This pleasant little novel of only 179 pages also has a streak of humor. Each chapter heading gives the odds for a variety of activities. For example, “Odds of a tourist visiting Niagara Falls: 1 in 195” (1); “Odds of a married couple making love on a given night: 1 in 5” (37); “Odds of a couple taking a second honeymoon to the same destination: 1 in 9” (57); “Odds of a jazz band playing 'My Funny Valentine' on Valentine’s Day: 1 in 1 (123); and “Odds of the Cleveland Indians winning the World Series: 1 in 25,000” (161).

However, the odds of enjoying this fun novel – by my calculations – 1 in 1. 5 stars.

--Jim, 4/10/13 ( )
  rmckeown | Apr 10, 2013 |
Showing 1-5 of 30 (next | show all)
"Readers of contemporary literary fiction should enjoy the subtle dry humor and a story that gains momentum and pitches toward a satisfying, if somewhat ambiguous happy ending."
added by Christa_Josh | editLibrary Journal, Christine DeZelar-Tiedman (Nov 1, 2011)
The novels of American author Stewart O’Nan – he has written about a dozen – are models of craftsmanship, empathy, psychological insight and social acumen. ....O’Nan’s prose is agile, light and utterly unself-conscious. Very contemporary. At the same time, his superb rendering of psychological drama recalls 19th-century novelists like George Eliot. He has good fun with this story. While the couple prepare for their big gamble, Art does his best to create a honeymoon atmosphere. Out of pity and exhaustion, Marion humours him......And about halfway through the novel, we begin to hope they can work things out. What are the odds?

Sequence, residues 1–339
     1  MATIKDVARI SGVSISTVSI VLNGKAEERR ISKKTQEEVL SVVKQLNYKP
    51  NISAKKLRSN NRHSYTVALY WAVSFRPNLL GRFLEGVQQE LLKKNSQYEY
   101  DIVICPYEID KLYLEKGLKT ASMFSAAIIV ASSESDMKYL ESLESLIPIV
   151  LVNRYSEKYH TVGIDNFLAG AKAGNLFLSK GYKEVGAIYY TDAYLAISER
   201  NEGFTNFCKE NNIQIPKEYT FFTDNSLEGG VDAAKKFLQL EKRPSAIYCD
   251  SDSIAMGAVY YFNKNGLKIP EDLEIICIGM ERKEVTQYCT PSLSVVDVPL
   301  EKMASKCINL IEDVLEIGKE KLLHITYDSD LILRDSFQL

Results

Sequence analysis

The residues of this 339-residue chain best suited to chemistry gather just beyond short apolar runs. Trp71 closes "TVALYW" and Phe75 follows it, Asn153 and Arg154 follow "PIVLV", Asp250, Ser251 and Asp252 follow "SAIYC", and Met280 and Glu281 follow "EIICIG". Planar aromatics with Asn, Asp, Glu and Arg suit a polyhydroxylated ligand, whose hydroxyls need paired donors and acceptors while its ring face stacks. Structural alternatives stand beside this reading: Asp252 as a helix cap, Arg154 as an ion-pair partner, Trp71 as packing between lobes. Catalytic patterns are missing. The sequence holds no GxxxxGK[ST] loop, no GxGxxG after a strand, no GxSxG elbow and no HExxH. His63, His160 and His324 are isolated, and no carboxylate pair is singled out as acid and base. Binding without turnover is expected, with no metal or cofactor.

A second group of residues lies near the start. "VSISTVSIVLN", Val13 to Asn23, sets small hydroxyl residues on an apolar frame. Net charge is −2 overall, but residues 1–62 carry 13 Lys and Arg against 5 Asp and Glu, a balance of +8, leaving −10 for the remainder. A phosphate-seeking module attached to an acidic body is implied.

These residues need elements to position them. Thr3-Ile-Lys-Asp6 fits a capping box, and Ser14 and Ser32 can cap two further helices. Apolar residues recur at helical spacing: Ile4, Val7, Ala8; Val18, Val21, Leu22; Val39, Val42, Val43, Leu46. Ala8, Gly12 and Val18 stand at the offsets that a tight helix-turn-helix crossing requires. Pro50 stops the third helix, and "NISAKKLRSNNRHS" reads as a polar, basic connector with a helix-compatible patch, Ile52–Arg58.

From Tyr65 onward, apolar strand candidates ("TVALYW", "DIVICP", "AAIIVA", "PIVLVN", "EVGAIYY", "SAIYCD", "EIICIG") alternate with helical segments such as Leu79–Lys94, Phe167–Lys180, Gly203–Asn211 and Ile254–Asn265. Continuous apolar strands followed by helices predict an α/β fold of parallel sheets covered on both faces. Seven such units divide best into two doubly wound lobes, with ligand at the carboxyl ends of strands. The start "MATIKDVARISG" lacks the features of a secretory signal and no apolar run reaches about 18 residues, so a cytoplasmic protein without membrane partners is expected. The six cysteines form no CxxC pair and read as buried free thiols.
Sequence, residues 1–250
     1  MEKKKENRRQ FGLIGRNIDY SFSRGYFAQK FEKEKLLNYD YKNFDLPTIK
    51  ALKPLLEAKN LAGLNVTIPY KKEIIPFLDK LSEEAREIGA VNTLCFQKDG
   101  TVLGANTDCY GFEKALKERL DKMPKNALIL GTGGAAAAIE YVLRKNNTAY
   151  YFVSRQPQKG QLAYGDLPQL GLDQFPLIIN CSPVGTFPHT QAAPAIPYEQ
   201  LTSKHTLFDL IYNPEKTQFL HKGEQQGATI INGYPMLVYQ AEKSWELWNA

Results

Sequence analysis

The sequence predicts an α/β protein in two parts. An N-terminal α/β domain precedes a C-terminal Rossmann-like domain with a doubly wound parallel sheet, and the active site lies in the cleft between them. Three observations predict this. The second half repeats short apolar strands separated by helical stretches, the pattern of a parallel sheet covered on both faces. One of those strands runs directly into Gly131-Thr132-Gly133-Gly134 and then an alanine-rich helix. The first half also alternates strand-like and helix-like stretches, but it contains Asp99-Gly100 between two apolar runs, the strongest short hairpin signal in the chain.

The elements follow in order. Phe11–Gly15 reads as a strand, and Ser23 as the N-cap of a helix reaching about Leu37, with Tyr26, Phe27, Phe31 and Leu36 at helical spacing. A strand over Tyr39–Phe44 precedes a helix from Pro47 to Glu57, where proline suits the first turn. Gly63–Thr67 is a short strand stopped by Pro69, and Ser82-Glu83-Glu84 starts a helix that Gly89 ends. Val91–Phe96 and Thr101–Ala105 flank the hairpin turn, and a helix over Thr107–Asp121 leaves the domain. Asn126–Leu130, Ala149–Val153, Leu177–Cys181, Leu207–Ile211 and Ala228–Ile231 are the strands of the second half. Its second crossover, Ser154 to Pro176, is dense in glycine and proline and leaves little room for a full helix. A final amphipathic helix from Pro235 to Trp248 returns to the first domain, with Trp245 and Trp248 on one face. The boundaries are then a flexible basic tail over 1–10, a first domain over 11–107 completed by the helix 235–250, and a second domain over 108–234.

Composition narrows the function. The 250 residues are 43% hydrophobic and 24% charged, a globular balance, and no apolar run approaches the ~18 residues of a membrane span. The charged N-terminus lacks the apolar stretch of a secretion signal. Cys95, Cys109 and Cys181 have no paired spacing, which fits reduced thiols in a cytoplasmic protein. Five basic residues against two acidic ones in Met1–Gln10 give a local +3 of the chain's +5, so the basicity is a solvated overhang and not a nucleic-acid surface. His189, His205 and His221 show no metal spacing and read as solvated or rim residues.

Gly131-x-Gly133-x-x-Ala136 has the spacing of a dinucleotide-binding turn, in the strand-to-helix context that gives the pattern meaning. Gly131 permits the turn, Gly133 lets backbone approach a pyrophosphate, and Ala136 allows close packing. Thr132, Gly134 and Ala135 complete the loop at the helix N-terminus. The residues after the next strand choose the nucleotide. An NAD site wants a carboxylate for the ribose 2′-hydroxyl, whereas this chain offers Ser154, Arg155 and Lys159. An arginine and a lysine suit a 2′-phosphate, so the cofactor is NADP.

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Amazon.com Product Description (ISBN 0670023167, Hardcover)

In the new novel from the author of Last Night at the Lobster, a middle-age couple goes all in for love at a Niagara Falls casino

Stewart O'Nan's thirteenth novel is another wildly original, bittersweet gem like his celebrated Last Night at the Lobster. Valentine's weekend, Art and Marion Fowler flee their Cleveland suburb for Niagara Falls, desperate to recoup their losses. Jobless, with their home approaching foreclosure and their marriage on the brink of collapse, Art and Marion liquidate their savings account and book a bridal suite at the Falls' ritziest casino for a second honeymoon. While they sightsee like tourists during the day, at night they risk it all at the roulette wheel to fix their finances-and save their marriage. A tender yet honest exploration of faith, forgiveness and last chances, The Odds is a reminder that love, like life, is always a gamble.

(retrieved from Amazon Mon, 30 Sep 2013 13:44:11 -0400)

"A middle aged couple goes all in for love at a Niagara Falls casino"--

(summary from another edition)